Follow Bill Whalen in Twitter: @whalenhoover

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Bill Whalen

 

In 1992, Queen Elizabeth had a yearlong run of personal woe that she famously likened to an annus horribilis. And horrible it was: two princes’ and one princess’s marriages going up in flames; even Windsor Castle catching fire.

We still have seven-plus months before 2013 plays out, but so far so bad for President Obama in this, the first of his last four years in the Oval Office. Which begs the question of who or what’s to blame for this presidency going from the high of a sweeping re-election to the valley of scandal and unshakable controversy – the Benghazi affair that won’t go away, IRS heavy-handing with tax-exempts, Justice Department record-seizing.

What should we chalk it up to?

1) The inevitable fate of second-term presidents (George W. Bush, Bill Clinton, Ronald Reagan, Richard Nixon all hitting rough patches after their re-elections)?

2) Mr. Obama’s lack of preparation – scant leadership experience – for the job?

3) Much ado but nothing, the assumption being a friendly media will build Obama back up once they’re done treating his administration as a chew toy?

4) Bad karma in the personage of Michelle Obama and her bangs – the new hairstyle she broke out just in time for her 49th birthday a precursor to this spate of political misfortune.

Forget about the bangs (the First Lady already has, reverting to her side-swept look). And the last thing the White House should complain about is critical press coverage. As for a second-term curse, let’s see where this White House stands going into 2016 and its last year.

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Bill Whalen

Guns and Ammo…and Political Camo

 

Pardon the cynicism, but I wonder if President Obama is really all that upset with the Senate’s inability to pass gun-control legislation this past week.

In case you missed it, the Democratic-controlled half of Congress failed to pass seven measures having to do with guns, gun-trafficking and gun-ownership, the most notable being an amendment to expand background checks that fell six votes shy of the mark.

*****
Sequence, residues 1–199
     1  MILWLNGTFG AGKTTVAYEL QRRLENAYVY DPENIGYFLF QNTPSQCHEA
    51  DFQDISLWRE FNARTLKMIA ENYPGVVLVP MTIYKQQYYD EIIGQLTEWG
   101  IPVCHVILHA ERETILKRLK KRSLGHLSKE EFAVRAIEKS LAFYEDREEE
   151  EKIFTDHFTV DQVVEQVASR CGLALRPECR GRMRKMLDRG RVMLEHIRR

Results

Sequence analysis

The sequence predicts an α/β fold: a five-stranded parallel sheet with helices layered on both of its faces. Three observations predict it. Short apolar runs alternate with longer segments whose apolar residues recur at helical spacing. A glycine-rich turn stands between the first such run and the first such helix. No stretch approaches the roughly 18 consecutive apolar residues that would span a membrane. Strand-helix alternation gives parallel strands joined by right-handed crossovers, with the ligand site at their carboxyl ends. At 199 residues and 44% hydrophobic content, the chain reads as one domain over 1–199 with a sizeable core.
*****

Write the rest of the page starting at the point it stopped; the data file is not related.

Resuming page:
The President wasted no time in showing his disgust, calling the 54-46 outcome “a pretty sad day in Washington” (more, in a moment, on why the majority advantage constituted a legislative defeat). A series of gun-control advocates joined the chorus. New York City Mayor Michael Bloomberg labeled the background check vote a“disgrace”. Former Arizona Rep. Gabrielle Giffords, in this New York Times op-ed, said she was “furious”.

So why the cynicism?

Three reasons:

1)  The Votes Were Designed to Fail. Keep in mind that this Senate amendment didn’t merely fail – it failed under the rules of the debate. Let me amend that: rules determined by the Democratic majority leadership, with the entire chamber’s approval. Rather than setting the rules so that each gun-related amendment would need only 51 votes to pass, Senate Majority Leader Harry Reid instead set the bar at 60 votes. Why? Because, as this analysis explains, it enabled Reid to get votes on the measures without opening the door to further tinkering by gun-rights advocates (for example, allowing concealed-weapon permits to cross state lines). Did Reid think he had 60 votes going into the debate? As a Nevadan surely he can count cards heads. If not, and he knew 60 was out of reach, why not lower the threshold to 51 votes (50, actually, since Vice President was presiding) and dare Republicans to filibuster?

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Bill Whalen

 

Once upon a time, the nation’s capital was synonymous with a special form of incompetence having nothing to do with politics – a cellar-dwelling baseball existence best captured by sportswriter Charles Dryden: “Washington – first in war, first in peace, last in the American League”.

That’s no longer the case. The current Washington franchise – that would be the Nationals, nee the Montreal Expos (Washington’s two previous franchises, both named the Senators, fled D.C. for the greener pastures of Minnesota and Texas) – resides in the National League. Moreover, the “Nats” are a consensus choice to make this fall’s World Series.

That said, the Washington Nationals aren’t the only prohibitive favorite found inside the beltway. Residing about 20 minutes from the ballpark is Hillary Clinton, the trendy choice these days to be the Democratic nominee in 2016 and America’s 45th president.

At least, that’s what the polls tell us. One survey shows Mrs. Clinton dominating both Republicans and her fellow Democrats in hypothetical 2016 matchups. Another poll has Florida voters preferring her to native sons Jeb Bush and Marco Rubio.

Add to those numbers: the chattering class’s clamoring for a Hillary run.

Paul Begala, the Democratic consultant who helped engineer Bill Clinton’s win in 1992, “hopes and prays” for a Clinton candidacy. Kathleen Parker, a Washington Postcolumnist, believes it’s nothing less than Hillary’s duty to run: “The calculus comes down to this: She has been working toward this moment essentially all her life, diligently clearing away the brush blocking her path. The zeitgeist is ready for a woman president. Most important, she can win – and few think the country would be worse for it.”